By riding hard you'll build up your muscles. By riding long you'll build up your aerobic fitness. I'd suggest doing both is good for you to build up to your goals IMO.
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Re: Working toward 50K ride.

Postby RonK » Wed Jul 17, 2013 4:28 pm

Paul B wrote:yea thanks Ron. That is exactly the ride I would like to join. So the distances you suggest, what sort of times would you suggest... cadence ?

Speed depends on your fitness, but you would want to ride at a pace that gets you breathing but not breathless.
Cadence - aim for an average cadence of 90rpm, another number you'll probably have to work up to.
Also, don't wait too long to make contact with the Richmond bunch. There is no better way to improve than by riding in the bunch. Yes, you will get dropped at first but that happened to most of us at some time.
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Re: Working toward 50K ride.

Postby Paul B » Wed Jul 17, 2013 4:35 pm

casual_cyclist wrote:
Paul B wrote: my only other suggestion is to build up from 8km to a bit longer. Maybe go 12km then 15km. I think that anyone who can ride 15km fairly quickly should be able to complete 50km at a slower pace.


Yes I think you have summed at what I was aiming at. I figured I would do these short distances at my best pace in order to establish a base to then move to longer distances at a reduced effort. Might give the current ride another couple of weeks and do as you say.
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Re: Working toward 50K ride.

Postby casual_cyclist » Wed Jul 17, 2013 4:36 pm

RonK wrote:
Paul B wrote:yea thanks Ron. That is exactly the ride I would like to join. So the distances you suggest, what sort of times would you suggest... cadence ?

Speed depends on your fitness, but you would want to ride at a pace that gets you breathing but not breathless.
Cadence - aim for an average cadence of 90rpm, another number you'll probably have to work up to.
Also, don't wait too long to make contact with the Richmond bunch. There is no better way to improve than by riding in the bunch. Yes, you will get dropped at first but that happened to most of us at some time.

The only time I would want to be breathless is in interval training which has hard intervals followed by recovery intervals. Other than that, I agree with RonK. I also endorse the group riding approach. The fastest way to get faster is to ride with people who are faster than you.
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Re: Working toward 50K ride.

Postby Paul B » Wed Jul 17, 2013 4:39 pm

RonK wrote:
Paul B wrote:Cadence - aim for an average cadence of 90rpm, another number you'll probably have to work up to.
.
I am currently at 90 rpm at 28Kph avg, but as I said the distance is very short. I am definitely going to increase the distance incrementally and see if I can maintain a decent rate.
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Re: Working toward 50K ride.

Postby RonK » Wed Jul 17, 2013 4:41 pm

casual_cyclist wrote:
RonK wrote:
Paul B wrote:yea thanks Ron. That is exactly the ride I would like to join. So the distances you suggest, what sort of times would you suggest... cadence ?

Speed depends on your fitness, but you would want to ride at a pace that gets you breathing but not breathless.
Cadence - aim for an average cadence of 90rpm, another number you'll probably have to work up to.
Also, don't wait too long to make contact with the Richmond bunch. There is no better way to improve than by riding in the bunch. Yes, you will get dropped at first but that happened to most of us at some time.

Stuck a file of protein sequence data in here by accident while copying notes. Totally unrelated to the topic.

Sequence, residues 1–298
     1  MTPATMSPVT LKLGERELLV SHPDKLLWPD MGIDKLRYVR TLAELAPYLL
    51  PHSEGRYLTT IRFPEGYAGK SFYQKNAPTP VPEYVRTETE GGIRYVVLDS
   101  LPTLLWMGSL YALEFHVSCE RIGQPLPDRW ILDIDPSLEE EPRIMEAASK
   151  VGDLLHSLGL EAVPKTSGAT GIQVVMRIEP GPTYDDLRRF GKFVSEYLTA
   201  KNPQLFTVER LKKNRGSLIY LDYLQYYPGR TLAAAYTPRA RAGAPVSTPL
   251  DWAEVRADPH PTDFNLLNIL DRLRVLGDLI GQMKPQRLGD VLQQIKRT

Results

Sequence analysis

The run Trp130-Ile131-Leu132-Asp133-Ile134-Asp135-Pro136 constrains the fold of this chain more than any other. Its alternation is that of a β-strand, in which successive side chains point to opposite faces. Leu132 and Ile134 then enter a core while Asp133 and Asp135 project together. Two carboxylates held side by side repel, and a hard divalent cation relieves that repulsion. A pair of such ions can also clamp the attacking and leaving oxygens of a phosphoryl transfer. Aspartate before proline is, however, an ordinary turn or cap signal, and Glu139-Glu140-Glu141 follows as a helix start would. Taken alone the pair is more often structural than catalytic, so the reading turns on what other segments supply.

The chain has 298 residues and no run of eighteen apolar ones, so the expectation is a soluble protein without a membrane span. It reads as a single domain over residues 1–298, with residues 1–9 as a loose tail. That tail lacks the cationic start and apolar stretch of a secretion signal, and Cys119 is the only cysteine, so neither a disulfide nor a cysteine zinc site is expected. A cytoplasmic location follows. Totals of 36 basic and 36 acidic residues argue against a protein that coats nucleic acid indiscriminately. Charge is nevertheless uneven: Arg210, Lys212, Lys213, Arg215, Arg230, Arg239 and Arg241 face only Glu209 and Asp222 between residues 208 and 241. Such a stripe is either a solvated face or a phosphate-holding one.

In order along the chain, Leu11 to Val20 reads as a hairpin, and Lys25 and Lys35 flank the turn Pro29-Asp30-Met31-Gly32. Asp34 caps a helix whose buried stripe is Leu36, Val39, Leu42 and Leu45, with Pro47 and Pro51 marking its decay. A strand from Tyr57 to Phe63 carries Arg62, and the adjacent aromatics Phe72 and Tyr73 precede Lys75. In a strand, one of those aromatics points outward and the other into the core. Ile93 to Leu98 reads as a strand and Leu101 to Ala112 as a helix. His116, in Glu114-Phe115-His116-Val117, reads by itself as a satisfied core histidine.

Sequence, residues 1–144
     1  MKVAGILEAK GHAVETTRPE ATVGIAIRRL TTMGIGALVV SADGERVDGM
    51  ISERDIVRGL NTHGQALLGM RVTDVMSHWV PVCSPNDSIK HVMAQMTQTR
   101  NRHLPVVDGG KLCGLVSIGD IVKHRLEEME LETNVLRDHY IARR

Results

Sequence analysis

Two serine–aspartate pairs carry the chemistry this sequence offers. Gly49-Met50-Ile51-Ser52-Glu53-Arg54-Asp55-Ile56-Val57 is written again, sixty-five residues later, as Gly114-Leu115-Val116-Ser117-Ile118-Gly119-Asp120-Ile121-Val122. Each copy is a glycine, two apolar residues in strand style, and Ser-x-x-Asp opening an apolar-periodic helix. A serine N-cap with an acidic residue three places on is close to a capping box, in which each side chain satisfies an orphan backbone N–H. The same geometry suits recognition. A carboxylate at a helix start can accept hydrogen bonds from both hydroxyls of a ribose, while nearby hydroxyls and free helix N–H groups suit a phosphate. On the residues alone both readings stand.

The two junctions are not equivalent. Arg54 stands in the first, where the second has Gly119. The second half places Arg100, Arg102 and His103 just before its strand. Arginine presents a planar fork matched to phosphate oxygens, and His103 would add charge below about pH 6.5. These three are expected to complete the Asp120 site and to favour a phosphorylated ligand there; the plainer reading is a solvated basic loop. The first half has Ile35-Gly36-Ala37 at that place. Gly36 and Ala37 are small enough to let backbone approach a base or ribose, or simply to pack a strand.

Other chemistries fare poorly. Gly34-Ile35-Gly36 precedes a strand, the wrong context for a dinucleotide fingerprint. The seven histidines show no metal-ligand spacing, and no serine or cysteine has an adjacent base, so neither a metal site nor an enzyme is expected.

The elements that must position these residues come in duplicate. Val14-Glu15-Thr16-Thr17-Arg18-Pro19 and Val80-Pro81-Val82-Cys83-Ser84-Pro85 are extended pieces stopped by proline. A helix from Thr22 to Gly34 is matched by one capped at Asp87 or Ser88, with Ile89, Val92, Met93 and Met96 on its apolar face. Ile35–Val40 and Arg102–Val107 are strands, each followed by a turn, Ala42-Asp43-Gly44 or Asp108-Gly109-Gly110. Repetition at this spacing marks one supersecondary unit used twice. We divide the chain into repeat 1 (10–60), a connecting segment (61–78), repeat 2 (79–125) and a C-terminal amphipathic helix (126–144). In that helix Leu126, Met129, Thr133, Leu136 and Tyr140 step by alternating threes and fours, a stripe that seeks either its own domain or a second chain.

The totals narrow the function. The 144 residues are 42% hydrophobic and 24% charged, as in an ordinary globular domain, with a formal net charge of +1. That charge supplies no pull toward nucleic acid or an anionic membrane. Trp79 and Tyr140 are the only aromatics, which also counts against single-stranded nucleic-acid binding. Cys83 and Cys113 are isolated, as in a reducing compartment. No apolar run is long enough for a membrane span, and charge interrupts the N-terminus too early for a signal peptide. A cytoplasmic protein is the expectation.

The only time I would want to be breathless is in interval training which has hard intervals followed by recovery intervals. Other than that, I agree with RonK. I also endorse the group riding approach. The fastest way to get faster is to ride with people who are faster than you.

Not breathless - isn't that what I said?
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Re: Working toward 50K ride.

Postby dalai47 » Wed Jul 17, 2013 4:46 pm

casual_cyclist wrote:
Paul B wrote:So are you saying that there is value in my current method as a supplement to the rides suggested by Ron ?

Yes. I have done the traditional training model for 200km rides. Over a number of years I had zero improvment in my ride times. If I had to do my training over again I would not train the same way. I would mix it up with short fast rides, interval training and also some longer rides. I found that I could not learn to ride faster without riding fast but I could learn to ride longer by riding shorter, faster rides.

EDIT: my only other suggestion is to build up from 8km to a bit longer. Maybe go 12km then 15km. I think that anyone who can ride 15km fairly quickly should be able to complete 50km at a slower pace.


Which implies you had a very solid base and had plateaued.

Suggesting intervals for someone with next to no base is a recipe for bad techiques and possibly injury... Early on is about learning positive movement engrams using good technique. Going out and smashing yourself early on usually means your muscle memory is remembering most likely bad technique whilst out on the rivet. And the longer you do this, the longer it will take later to make the correct technique the dominant engrams...

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Re: Working toward 50K ride.

Postby casual_cyclist » Wed Jul 17, 2013 5:05 pm

RonK wrote:
casual_cyclist wrote:
RonK wrote:Speed depends on your fitness, but you would want to ride at a pace that gets you breathing but not breathless.
Cadence - aim for an average cadence of 90rpm, another number you'll probably have to work up to.
Also, don't wait too long to make contact with the Richmond bunch. There is no better way to improve than by riding in the bunch. Yes, you will get dropped at first but that happened to most of us at some time.

The only time I would want to be breathless is in interval training which has hard intervals followed by recovery intervals. Other than that, I agree with RonK. I also endorse the group riding approach. The fastest way to get faster is to ride with people who are faster than you.

Not breathless - isn't that what I said?

Yes. I wasn't disagreeing with you except in the context of interval training.
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Re: Working toward 50K ride.

Postby RonK » Wed Jul 17, 2013 5:34 pm

Paul B wrote:
RonK wrote:
Paul B wrote:Cadence - aim for an average cadence of 90rpm, another number you'll probably have to work up to.